Sanders Looking Golden in the Once-Golden State

The Berkeley-IGS poll, overseen by my former office suite-mate and first rate pollster Mark DiCamillo, is out with new numbers today showing Bernie Sanders running away with the California primary next week, where 415 delegates are at stake:

Sanders is now the choice of 34% of likely voters in the primary, twice the support of Massachusetts Senator Elizabeth Warren, his nearest rival who is preferred by 17%.  Former New York City Mayor Michael Bloomberg receives 12% and former South Bend Indiana Mayor Pete Buttigieg is at 11%.  Further back are former Vice President Joe Biden at 8% and Minnesota Senator Amy Klobuchar at 6%.  Another 5% of voters are supporting other candidates and 7% remain undecided.

The fractured nature of vote support for Sanders’ rivals has big implications with regard to how the state’s 415 pledged delegates to the Democratic National Convention are allocated to the candidates. This is because under California’s delegate allocation rules a candidate must receive at least a 15% share of the vote statewide or within the state’s 53 congressional districts to be awarded delegates. Sanders’ current 34% share of the statewide vote virtually assures that he will achieve the 15% threshold not only statewide but across virtually all congressional districts.  By contrast, the current support levels of Sanders’ rivals place each in jeopardy of falling below this threshold across these constituencies.  This situation gives Sanders an excellent chance of capturing the lion’s share of the state’s 415 pledged delegates.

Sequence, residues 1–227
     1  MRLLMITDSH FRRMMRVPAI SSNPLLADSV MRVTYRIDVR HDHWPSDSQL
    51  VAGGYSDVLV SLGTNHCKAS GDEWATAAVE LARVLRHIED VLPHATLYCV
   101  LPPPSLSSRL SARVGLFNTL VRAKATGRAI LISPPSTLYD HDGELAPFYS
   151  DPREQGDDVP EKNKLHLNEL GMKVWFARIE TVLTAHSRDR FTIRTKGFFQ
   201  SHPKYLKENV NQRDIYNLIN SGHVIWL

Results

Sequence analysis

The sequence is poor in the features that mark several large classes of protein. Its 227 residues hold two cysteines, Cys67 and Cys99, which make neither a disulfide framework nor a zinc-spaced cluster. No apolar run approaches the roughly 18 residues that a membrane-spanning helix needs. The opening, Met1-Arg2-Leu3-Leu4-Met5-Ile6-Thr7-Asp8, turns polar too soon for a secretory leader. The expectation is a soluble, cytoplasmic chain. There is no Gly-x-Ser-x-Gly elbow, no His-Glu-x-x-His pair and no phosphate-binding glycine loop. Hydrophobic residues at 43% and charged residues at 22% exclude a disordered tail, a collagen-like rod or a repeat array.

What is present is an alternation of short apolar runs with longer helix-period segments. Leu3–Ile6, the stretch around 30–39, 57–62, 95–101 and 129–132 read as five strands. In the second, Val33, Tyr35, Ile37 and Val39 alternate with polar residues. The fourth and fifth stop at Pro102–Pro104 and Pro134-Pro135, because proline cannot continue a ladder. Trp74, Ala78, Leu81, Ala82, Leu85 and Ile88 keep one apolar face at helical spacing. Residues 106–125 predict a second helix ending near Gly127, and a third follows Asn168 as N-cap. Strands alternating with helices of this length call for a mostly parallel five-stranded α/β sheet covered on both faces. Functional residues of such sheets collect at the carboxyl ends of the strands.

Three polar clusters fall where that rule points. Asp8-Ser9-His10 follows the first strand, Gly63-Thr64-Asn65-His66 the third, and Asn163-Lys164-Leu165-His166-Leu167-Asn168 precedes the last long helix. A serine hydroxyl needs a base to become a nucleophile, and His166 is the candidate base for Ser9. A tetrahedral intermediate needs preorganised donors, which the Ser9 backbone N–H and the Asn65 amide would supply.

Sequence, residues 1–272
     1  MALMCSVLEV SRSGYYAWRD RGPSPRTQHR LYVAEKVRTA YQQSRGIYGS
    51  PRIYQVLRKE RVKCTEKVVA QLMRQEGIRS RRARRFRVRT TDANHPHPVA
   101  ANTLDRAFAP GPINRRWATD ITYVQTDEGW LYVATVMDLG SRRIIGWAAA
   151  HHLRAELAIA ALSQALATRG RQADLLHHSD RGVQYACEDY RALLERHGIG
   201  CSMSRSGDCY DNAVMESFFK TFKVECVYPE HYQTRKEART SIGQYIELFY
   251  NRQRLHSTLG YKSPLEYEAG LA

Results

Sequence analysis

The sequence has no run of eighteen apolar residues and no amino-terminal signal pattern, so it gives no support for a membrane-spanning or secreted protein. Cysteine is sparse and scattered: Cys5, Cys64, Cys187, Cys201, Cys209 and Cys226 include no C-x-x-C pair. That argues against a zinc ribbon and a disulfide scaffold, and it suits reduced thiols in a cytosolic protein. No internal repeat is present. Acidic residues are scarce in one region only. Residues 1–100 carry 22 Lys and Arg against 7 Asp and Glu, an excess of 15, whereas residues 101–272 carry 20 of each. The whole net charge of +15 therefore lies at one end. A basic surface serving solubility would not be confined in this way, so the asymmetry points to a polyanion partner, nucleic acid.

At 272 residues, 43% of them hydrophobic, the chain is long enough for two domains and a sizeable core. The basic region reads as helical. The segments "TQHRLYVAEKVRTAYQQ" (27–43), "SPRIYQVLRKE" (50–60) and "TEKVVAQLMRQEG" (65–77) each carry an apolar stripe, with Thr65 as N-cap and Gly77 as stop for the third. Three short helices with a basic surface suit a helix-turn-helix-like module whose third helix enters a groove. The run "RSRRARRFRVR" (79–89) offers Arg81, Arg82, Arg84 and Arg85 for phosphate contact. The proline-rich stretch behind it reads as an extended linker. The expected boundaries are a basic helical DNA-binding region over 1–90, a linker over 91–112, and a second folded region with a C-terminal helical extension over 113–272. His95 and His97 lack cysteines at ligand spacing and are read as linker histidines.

The most interesting wrinkle here is that Sanders is narrowly leading Warren right now in polls in Massachusetts, which also votes on Tuesday. It is thought that a Sanders win in Massachusetts would finish off Warren, since losing her own home state would be a large embarrassment. However, if these California poll results hold up, Warren will be the only other candidate to get any delegates out of California, which will give her a reason to stay in.

But the additional wrinkle is that because California’s results won’t come in until nearly midnight on the east coast, a Sanders win in Massachusetts will have both the TV and early-deadline print media hyping the fact that Warren has been dealt a fatal blow. Fun times!

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